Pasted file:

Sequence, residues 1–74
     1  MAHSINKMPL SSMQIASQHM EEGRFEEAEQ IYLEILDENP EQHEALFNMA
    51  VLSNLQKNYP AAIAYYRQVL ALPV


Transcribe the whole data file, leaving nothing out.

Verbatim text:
Sequence, residues 1–74
     1  MAHSINKMPL SSMQIASQHM EEGRFEEAEQ IYLEILDENP EQHEALFNMA
    51  VLSNLQKNYP AAIAYYRQVL ALPV